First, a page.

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[en] Summary: INPRO was established 20 years ago following a recommendation from the General Conference; INPRO contributed to better understanding of how nuclear energy can become a sustainable energy option; INPRO created knowledge and tools that can be used to ensure the sustainability of nuclear energy; INPRO Members guide directions, but INPRO s results and tools are available to all IAEA Member States.
[en] With this newsletter we would like to share the good news that all the planned outputs from our big symposium on the double burden of malnutrition have been published – the report, a brochure and the proceedings. Check out the links on page 8. It was great that the publication of the proceedings coincided with the launch of The Lancet Series on the double burden of malnutrition. This increased the momentum and reinforced the importance of combating the double burden of malnutrition. You will also find summaries on meetings, conferences we contributed to, events we organized and latest publications. Success stories from the European region, Jamaica and on amino acid digestibility demonstrate the benefits of the isotope techniques. Don’t miss the information on page 4 on the formulation of new TC projects for 2022/2023 which starts now! Let us know if you have a great project idea. Many thanks to UNSCN for giving us an update on nutrition and food systems at the climate conference in Madrid.
[en] This issue of SSDL Newsletter (No 72) is dedicated to the report of 19th Scientific Committee of the IAEA/WHO Network of Secondary Standards Dosimetry Laboratories SSC-19. The meeting was held at the IAEA Headquarters in March 2020. The SSC-18 reviewed the activities reported by the Dosimetry and Medical Radiation Physics (DMRP) section for the biennium 2018 – 2019 and noted the actions following the SSC-18 recommendations. Particularly, the activities of the present and future programmes for biennium 2020 – 21 and 2022 – 23 were discussed and prioritized recommendations were made. These recommendations will be used to target our activities accordingly. One of the requirements for the SSDL Network members is to submit their annual report. This year the annual reporting was performed for the first time through DOLNET web interface. Each SSDL was assigned to one DOLNET contact person and the information related to SSDL contacts, equipment and services was reviewed and updated. In the annual reporting part, the SSDLs provide information about annual calibrations and training activities. Based on the annual reports, the database on calibration services provided by the SSDL Network will be updated and the information is shared on the DOLNET Services web page. This tool can be used by any end-user who needs a calibration for their dosimetry equipment.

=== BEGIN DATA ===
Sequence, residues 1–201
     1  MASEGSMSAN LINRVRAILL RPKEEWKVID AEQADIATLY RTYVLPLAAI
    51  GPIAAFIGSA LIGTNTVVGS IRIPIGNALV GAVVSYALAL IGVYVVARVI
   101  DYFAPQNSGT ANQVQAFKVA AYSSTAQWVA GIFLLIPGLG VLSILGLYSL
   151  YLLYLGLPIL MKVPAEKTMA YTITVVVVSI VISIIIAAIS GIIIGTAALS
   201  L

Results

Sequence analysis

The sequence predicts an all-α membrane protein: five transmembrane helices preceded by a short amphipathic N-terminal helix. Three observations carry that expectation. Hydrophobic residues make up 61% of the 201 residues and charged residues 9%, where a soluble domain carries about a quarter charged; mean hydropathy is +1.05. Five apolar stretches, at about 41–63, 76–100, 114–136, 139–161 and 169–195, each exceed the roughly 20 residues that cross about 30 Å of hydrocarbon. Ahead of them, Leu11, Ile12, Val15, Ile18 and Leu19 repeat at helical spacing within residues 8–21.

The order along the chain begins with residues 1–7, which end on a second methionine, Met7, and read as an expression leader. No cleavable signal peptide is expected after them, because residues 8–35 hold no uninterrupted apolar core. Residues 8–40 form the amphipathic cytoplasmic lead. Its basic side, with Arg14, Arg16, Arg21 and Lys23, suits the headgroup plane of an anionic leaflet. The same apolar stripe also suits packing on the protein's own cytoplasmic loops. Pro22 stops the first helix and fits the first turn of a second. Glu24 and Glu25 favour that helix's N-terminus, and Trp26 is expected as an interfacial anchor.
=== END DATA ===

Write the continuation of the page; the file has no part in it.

[en] The only meeting held in 2020 so far was from our Atomic and Molecular Unit which was a Consultants’ Meeting on the Development and Implementation of a Database of DFT Calculations of Defects in Nuclear Materials. Most of the nuclear data meetings happen to be scheduled in the second half of the year. The only nuclear data meetings which had to be postponed to 2021 are the NRDC meeting including the 50 years celebration of EXFOR, and the INDC meeting. At the time of this writing, it is not entirely clear what will happen with the meetings for the rest of 2020. Information on Computer Codes, Data Libraries and Web News, NDS Meeting Reports and Selected Charts, Reports and Documents are provided in this Newsletter.
[en] The IAEA Dosimetry Laboratory has updated the QMS and it is now fully compliant with the ISO/IEC 17025:2017 standard. In addition, some technical changes in the calibration services were implemented from the beginning of the year. The SSDL Charter provides information about the SSDL Network membership and last year it was translated into Russian. There are also some membership changes in the IAEA/WHO SSDL Network, and we are happy to welcome Morocco, Azerbaijan, Nigeria and Turkey (Ankara) as new members of the Network. This issue covers many IAEA activities performed in 2019 and the beginning of 2020. The IDOS-2019 gathered together many professionals working in the field of dosimetry. In addition, many other smaller meetings were organized, and short summaries are given in this Newsletter.